These last several months of uncertainty, quarantine, and constant risk-assessment have been taxing on all of us. Our collective mental health has taken a hit. There is so much we can do, however, to feel better! Check out our resources for supporting loved ones, caring for your whole self, tips for time at home, and keeping spirits high.
One tried and true way to maintain mental health is counseling. From my own experience, I have found that having an impartial person to talk to during this strange time has made a massive difference. I feel my stress level rising all week until my appointment, at which point I reset and return to a sense of peace. It gives me an opportunity to share my fears, the challenges I’ve faced, to practice coping strategies, and to return some structure to my life.
In recent months, we have heard questions from our Friends in the Fight who are interested in therapy but also nervous and unsure of what to expect. In honor of World Mental Health Day, we reached out to a Friend who is also a therapist for some advice:
Why might someone want to start therapy?
There are many, many reasons to start therapy! It’s very common for people to fear that seeking out therapy will mean they’re “crazy” or something is wrong with them. This is not the case! Life is full of stress and challenges for everyone. Therapy can simply be a space where you get to unpack these stressors and process your emotional reaction to the world around you.
Therapy will be most effective if you decide to go for yourself. (However, if a trusted friend or family suggests trying it out of kindness, perhaps it’s something to consider!). If you find yourself struggling to break patterns that seem to bring more stress to your life, feeling overwhelmed by emotions, struggling to adjust to a recent life transition, or in any way feel a little out-of-sorts, therapy could be helpful for you 🙂
What are the benefits of therapy?
Therapy can help you gain a deeper self-awareness and achieve more emotional balance in your life. Many of us feel at the mercy of our emotions and thoughts, but when we take the time to examine the way we experience our feelings with curiosity and acceptance, we often find that there is a reason we react the way we do. This insight into ourselves cannot only be a relief within itself, but an opportunity for growth and change.
When we feel better emotionally, we often feel better physically as well. We hold so much of what we are feeling in our body. Therapy can help give you the tools to recognize the physical symptoms of stress so you are better able to take care of yourself.
Therapy can be a non-judgmental source of support. There aren’t many spaces in life where the expression of your feelings is not only encouraged, but validated and normalized. Giving yourself this experience can be an empowering step towards deciding you deserve to feel heard.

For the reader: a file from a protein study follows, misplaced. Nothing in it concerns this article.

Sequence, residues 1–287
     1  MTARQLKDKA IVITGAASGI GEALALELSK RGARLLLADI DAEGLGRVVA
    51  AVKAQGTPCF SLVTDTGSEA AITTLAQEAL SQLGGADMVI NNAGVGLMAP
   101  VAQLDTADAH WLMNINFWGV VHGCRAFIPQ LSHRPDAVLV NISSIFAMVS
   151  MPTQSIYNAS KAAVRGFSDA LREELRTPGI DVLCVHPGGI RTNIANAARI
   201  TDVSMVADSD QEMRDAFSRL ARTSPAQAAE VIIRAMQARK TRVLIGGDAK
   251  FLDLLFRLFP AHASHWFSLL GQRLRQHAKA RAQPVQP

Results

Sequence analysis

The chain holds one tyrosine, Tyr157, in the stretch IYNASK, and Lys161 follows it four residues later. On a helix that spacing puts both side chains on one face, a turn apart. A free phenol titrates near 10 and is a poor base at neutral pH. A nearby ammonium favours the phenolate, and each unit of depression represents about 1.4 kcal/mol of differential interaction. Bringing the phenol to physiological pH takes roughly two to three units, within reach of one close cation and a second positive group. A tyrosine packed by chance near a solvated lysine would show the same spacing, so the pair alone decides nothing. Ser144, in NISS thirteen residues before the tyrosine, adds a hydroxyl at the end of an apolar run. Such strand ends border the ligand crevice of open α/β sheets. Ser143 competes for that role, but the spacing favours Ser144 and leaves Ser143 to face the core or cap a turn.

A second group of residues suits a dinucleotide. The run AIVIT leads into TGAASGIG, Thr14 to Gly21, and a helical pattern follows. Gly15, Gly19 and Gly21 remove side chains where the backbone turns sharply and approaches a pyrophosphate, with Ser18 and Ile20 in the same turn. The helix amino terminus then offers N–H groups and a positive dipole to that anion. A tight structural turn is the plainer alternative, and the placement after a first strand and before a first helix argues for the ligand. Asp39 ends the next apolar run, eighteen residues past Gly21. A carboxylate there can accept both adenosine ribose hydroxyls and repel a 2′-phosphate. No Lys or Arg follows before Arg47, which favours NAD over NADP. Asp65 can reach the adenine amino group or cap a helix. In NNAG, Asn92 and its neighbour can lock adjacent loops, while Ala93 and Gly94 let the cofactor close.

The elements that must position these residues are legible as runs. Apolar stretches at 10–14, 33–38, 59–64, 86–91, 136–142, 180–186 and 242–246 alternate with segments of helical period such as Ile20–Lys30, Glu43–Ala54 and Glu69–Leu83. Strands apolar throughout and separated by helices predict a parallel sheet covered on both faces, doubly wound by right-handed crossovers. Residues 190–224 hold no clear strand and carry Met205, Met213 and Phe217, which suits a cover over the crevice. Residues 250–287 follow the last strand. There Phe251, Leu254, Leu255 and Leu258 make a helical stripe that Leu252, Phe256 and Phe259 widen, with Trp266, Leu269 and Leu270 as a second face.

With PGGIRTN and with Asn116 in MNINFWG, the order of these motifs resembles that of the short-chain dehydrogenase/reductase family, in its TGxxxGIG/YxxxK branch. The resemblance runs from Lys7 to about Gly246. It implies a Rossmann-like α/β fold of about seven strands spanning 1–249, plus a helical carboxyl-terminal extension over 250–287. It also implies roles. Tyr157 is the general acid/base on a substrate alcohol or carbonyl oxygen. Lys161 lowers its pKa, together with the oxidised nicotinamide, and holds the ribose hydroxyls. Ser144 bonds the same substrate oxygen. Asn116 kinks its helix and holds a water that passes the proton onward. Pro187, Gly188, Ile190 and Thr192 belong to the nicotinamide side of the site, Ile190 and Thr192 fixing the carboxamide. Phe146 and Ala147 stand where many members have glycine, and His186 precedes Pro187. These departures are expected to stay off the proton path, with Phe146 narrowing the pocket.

What should I expect for my first session?
Every therapist has a different process for the first session. However in most cases, the first session usually consists of the therapist asking direct questions about what you’ve been experiencing and your motivation for pursuing therapy. Some therapists may have a more structured approach and will refer to a questionnaire while taking notes, while others may approach the process in a way that feels like a casual conversation. Sometimes first sessions can feel like a brief overview of a lot of information, but it’s a good opportunity to talk about your goals and get a feel for the therapist as well.
You don’t need to prepare anything in particular for the first session, unless the therapist asks for something specifically, such as your insurance info. Going into the first session can be nerve wracking, but remember, even if you feel a little unsure about what to say, most therapists will guide you through the process and be very understanding that you may not share everything upfront.
I went a few times and it didn’t feel right. What should I do? Is therapy just not for me?
There are a few factors to consider if you feel on the fence about whether or not therapy is for you based on past experiences. One factor may be where you were in your life when you tried therapy last. Sometimes people start therapy during a period in their life in which they are unable to fully engage in the process. This could be due to logistical or external reasons, like a demanding schedule or finances, or for emotional reasons, such as not feeling ready to be vulnerable. Another factor to consider is whether or not the therapist you worked with in the past was the right fit for you. Therapists can vary greatly in approach and intervention style. Many people stay with therapists that they don’t feel entirely comfortable with just because they think this shouldn’t matter or assume it’s their own lack of effort. This isn’t true! It’s perfectly okay to shop around and find the right fit for you because it will make a difference.